Bold statement, We know. You probably think this is going to be yet another boring round-up of the latest travel apps that are being pushed out by press releases sent to every b logger and their mother. But no. These aren’t your traditional travel apps. We are not talking about TripAdvisor or Viator or Expedia or Lonely Planet downloaded to your phone. They’ve got great apps, but seriously—they’re just not that much fun.
NOT YOUR TYPICAL TRAVEL APPS
This shouldn’t come as a surprise but the best travel tips often come from locals. And what better way to connect with locals than through sex! (KIDDING!) Hookup apps don’t have to be used for sex. However rare you think it might be to meet someone through a hookup app for a nonsexual time, trust us—it happens.
Every app is what you make it. And that’s no different than your stereotypical hookup apps. Just don’t be a douche about talking to strangers on these apps. Be respectful, kind and honest. Friendliness can go a long way and you might just get some good travel tips out of it, too.
It’s not just an app for filters Instagram isn’t probably an app you think about using for travel tips, but it’s actually super useful. Before going to a new place,your can search the name of the city/country as a hash-tag to see what types of photos people are putting up. You can use it to find cool things to do or even cute cafés and restaurants.
Your look for ‘grams with a cool style (or, let’s be serious: cute boys) and then check out their feeds to see what other places they go to. It’s not to be a creeper,—it’s just that if this person was in the same café that you’re enjoying, who’s to say the other bars, restaurants and café’s they’re uploading photos from aren’t equally interesting. It might sound time-consuming, but 5 minutes on Instagram and you might find yourselves at an underground club you’d never find in a guidebook.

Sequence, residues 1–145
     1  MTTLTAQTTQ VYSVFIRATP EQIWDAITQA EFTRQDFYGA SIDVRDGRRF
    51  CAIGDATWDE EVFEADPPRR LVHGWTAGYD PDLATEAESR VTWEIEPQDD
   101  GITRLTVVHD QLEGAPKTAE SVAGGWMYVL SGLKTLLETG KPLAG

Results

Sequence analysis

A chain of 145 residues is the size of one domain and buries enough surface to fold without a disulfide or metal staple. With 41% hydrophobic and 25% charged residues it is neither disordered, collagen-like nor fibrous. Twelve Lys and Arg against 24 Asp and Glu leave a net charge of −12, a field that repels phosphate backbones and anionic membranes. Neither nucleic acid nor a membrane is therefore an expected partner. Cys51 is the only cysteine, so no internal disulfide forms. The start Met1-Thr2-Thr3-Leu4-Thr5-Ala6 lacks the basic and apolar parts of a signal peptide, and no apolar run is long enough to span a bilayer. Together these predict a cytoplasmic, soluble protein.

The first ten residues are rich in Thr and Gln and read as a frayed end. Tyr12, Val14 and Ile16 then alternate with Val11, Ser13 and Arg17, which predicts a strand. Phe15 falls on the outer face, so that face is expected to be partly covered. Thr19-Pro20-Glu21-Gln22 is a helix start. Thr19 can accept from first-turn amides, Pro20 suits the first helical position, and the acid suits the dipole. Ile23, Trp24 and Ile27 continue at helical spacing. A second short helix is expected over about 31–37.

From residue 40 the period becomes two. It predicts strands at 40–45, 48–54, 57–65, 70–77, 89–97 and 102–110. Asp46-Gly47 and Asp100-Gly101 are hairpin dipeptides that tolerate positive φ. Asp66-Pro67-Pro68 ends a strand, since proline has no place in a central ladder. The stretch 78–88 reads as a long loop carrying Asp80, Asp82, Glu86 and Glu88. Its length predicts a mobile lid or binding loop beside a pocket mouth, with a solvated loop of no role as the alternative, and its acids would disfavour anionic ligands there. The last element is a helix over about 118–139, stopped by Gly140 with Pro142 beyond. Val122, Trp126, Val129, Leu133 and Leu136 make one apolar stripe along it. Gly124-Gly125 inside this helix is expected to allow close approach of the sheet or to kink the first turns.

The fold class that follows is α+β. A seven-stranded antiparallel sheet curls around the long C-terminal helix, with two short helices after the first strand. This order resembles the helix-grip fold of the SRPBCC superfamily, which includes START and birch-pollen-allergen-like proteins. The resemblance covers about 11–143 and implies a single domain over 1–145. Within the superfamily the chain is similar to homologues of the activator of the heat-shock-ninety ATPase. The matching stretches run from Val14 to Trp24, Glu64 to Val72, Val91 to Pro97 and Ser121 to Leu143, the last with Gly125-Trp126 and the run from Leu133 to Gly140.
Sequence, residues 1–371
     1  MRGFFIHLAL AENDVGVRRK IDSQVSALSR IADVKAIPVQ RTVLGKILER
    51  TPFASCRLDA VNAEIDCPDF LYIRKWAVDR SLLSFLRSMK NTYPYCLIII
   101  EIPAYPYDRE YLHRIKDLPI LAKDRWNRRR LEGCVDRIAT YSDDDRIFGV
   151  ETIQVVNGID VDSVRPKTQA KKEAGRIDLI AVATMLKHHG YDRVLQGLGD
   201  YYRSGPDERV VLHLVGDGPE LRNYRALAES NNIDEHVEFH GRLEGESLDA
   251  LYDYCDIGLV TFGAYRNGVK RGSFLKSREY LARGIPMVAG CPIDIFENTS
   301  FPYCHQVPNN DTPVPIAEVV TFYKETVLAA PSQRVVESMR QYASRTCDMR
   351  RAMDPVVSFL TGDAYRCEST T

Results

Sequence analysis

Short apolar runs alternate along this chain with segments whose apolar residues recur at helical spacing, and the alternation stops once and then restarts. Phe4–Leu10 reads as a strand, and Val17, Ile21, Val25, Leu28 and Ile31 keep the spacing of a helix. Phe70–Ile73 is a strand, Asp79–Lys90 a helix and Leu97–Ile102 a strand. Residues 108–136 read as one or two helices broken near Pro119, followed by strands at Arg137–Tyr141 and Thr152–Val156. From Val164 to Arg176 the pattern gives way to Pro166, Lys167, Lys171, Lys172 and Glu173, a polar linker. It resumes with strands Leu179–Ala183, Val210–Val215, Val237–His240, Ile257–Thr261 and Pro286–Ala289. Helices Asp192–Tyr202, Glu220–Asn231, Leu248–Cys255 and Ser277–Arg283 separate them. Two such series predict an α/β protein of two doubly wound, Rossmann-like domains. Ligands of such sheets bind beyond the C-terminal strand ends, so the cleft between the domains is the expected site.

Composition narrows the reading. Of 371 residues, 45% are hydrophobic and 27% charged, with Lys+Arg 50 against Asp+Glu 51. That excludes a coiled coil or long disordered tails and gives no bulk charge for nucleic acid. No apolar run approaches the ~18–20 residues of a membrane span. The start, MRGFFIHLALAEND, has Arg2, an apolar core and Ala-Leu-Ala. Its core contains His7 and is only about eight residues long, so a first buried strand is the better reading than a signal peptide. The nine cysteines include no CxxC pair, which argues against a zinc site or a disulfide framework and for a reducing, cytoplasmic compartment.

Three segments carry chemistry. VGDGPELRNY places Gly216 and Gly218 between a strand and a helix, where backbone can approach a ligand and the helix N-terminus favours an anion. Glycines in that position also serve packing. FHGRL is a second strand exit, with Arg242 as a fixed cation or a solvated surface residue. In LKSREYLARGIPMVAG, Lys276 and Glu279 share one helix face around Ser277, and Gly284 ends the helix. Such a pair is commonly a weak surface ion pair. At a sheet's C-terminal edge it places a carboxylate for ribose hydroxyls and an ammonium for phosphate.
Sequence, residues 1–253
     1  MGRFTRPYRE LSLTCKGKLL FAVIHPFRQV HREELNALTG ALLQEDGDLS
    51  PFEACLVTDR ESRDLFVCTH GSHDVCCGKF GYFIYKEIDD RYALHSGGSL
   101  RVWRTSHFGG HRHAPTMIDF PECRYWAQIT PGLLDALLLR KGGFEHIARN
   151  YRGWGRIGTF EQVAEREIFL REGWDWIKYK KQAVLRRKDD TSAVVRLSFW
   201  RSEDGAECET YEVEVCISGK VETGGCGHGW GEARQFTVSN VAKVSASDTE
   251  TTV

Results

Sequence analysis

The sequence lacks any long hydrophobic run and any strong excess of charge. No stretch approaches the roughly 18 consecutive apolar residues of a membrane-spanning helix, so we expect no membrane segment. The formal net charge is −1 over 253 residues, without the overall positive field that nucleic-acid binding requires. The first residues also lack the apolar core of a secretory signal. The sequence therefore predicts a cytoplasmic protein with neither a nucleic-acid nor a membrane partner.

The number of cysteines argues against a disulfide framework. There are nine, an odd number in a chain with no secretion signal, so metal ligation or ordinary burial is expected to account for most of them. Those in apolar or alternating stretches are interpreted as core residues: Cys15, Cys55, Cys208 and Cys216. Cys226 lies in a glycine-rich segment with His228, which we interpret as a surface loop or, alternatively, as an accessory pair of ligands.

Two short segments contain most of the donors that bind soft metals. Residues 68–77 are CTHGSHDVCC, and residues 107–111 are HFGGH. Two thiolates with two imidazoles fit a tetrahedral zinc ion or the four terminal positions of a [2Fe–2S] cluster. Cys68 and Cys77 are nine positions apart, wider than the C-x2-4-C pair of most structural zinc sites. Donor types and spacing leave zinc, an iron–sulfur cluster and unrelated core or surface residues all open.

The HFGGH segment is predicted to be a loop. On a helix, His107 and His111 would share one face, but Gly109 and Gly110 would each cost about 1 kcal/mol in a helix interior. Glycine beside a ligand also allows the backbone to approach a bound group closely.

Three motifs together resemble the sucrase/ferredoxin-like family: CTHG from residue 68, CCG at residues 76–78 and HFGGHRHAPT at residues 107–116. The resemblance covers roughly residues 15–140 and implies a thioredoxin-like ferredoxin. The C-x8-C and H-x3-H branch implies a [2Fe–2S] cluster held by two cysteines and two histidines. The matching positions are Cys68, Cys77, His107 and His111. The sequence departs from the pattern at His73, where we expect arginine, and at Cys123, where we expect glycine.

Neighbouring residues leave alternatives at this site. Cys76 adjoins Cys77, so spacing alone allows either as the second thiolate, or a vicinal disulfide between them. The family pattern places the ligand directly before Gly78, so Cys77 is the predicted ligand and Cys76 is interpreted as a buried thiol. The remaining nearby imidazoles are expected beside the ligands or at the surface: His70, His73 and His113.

FOURSQUARE & SWARM
Even with the split personality, still useful for spying on friends
We love using the Foursquare app when travelling because you can search by keyword or topic – so if you’re sitting in your hotel room and looking for a great place for brunch, you just search for “brunch” and see what comes up. While they unfortunately split the app into two, with Swarm swallowing up the check-in feature, the two apps are still integrated pretty well. The Foursquare app shows you if any friends of yours have been to places nearby or even just ranked or recommended somewhere, so it’s a great way to come back home with more interesting stories to share with your friends. “Oh hey — I went to the same café you had brunch at last year in London. Didn’t you just love the pancakes?!” No, that’s not creepy at all when it’s with a friend!
Honestly, it’s not just for sharing what you ate for breakfast
There are simple ways to use these apps which anyone would find useful. Twitter’s search feature is one of the best available search engines on the internet. Bet you didn’t know that. Go to the Twitter Search page and click “advanced.” You’ll find a whole lot of options including a “local” feature where you can search only tweets geotagged in a specific destination — just enter the city and hit Search! Smart PR professionals will already know about this feature (hopefully).
As a tourist, you can do the searching and see what you might find. On your phone, the Twitter app handily sorts your searches by “Top Tweets” and “All Tweets” so you can essentially see things that are either popular or else just things that are recent.
Obviously there’s the map function so you can get from Point A to Point B. But there’s also a powerful search feature built in. Type “bars” and it’ll show you bars nearby. Your can use the app by starring/favourite each place you plan on going to when in a new destination—that way they’re easier to find when you’re out late and confused about where you are. The favoriting of places also helps you to find them again later (when you’re signed into Google on your computer) so you can quickly leave reviews and maybe even upload a photo or two